The “Dangers” of Fantasy “Harry Potter

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The "Dangers" of Fantasy

"Harry Potter!! Harry Potter!!" Anyone that hasn't heard that name must have just awoken from a five-year coma. This series of children's books has reignited kids' desire to read and while doing so entertained numerous adults. I confess, I'm a bona fide "Potter-Head." I read the first three books in three days. The day the fourth came out, I had my hands on a copy and within 36 hours, I'd eagerly and excitedly thumbed through over 700 pages of magic. These books have everything: friends, foes, romance, despair, action, family, suspense, murder - "Murder? Did he just say murder? Well we can't let children be exposed to this."

Sadly, it seems that this is the growing opinion of the conservative parents of America. Any work deemed even the smallest bit offensive is immediately put "on trial." Be it literature, music, films, or television, it is equal prey to these "protectors" of our nation's future. Children are being denied great works, the Harry Potter books being just one of many. Why? Can the children handle the violence, death or villains? Instead of denying the kids wholesome entertainment that has a little bit of an edge, we should use these avenues of expression to teach them a little bit about real life.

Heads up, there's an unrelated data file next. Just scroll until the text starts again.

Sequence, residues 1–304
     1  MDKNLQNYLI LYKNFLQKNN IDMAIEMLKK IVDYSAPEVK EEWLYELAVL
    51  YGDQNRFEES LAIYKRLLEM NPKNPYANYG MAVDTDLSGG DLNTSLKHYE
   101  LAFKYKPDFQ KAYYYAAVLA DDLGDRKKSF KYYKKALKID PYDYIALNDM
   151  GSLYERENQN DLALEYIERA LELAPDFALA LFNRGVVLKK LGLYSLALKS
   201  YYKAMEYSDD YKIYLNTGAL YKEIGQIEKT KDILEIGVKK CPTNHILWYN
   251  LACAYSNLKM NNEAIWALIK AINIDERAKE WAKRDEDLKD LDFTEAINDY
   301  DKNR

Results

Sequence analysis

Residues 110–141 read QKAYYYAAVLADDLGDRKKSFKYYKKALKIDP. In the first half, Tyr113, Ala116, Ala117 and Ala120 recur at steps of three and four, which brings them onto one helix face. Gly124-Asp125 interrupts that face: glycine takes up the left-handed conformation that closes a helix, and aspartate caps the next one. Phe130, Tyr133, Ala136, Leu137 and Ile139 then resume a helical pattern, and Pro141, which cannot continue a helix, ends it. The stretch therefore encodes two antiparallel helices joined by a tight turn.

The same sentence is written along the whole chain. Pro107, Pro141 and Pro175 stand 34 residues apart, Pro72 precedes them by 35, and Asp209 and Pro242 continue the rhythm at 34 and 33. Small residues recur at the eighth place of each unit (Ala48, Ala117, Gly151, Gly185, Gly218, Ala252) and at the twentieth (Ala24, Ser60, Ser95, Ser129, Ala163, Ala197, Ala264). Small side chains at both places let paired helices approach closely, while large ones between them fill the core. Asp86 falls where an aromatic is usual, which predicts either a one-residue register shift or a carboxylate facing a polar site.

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Maybe the easiest and most obvious thing to teach your children is the difference between fact and fiction. For the five or six year-old this might be confusing, but once they get any older, I'm sure they could figure it out. Take for instance, the Harry Potter books (I'll be using them as examples from here on out). These novels are fantastical. Harry's world is full of children riding on broomsticks, banks run by goblins, and owls delivering mail. When your children read this, talk to them. Make sure they realize that this is the same world in ...

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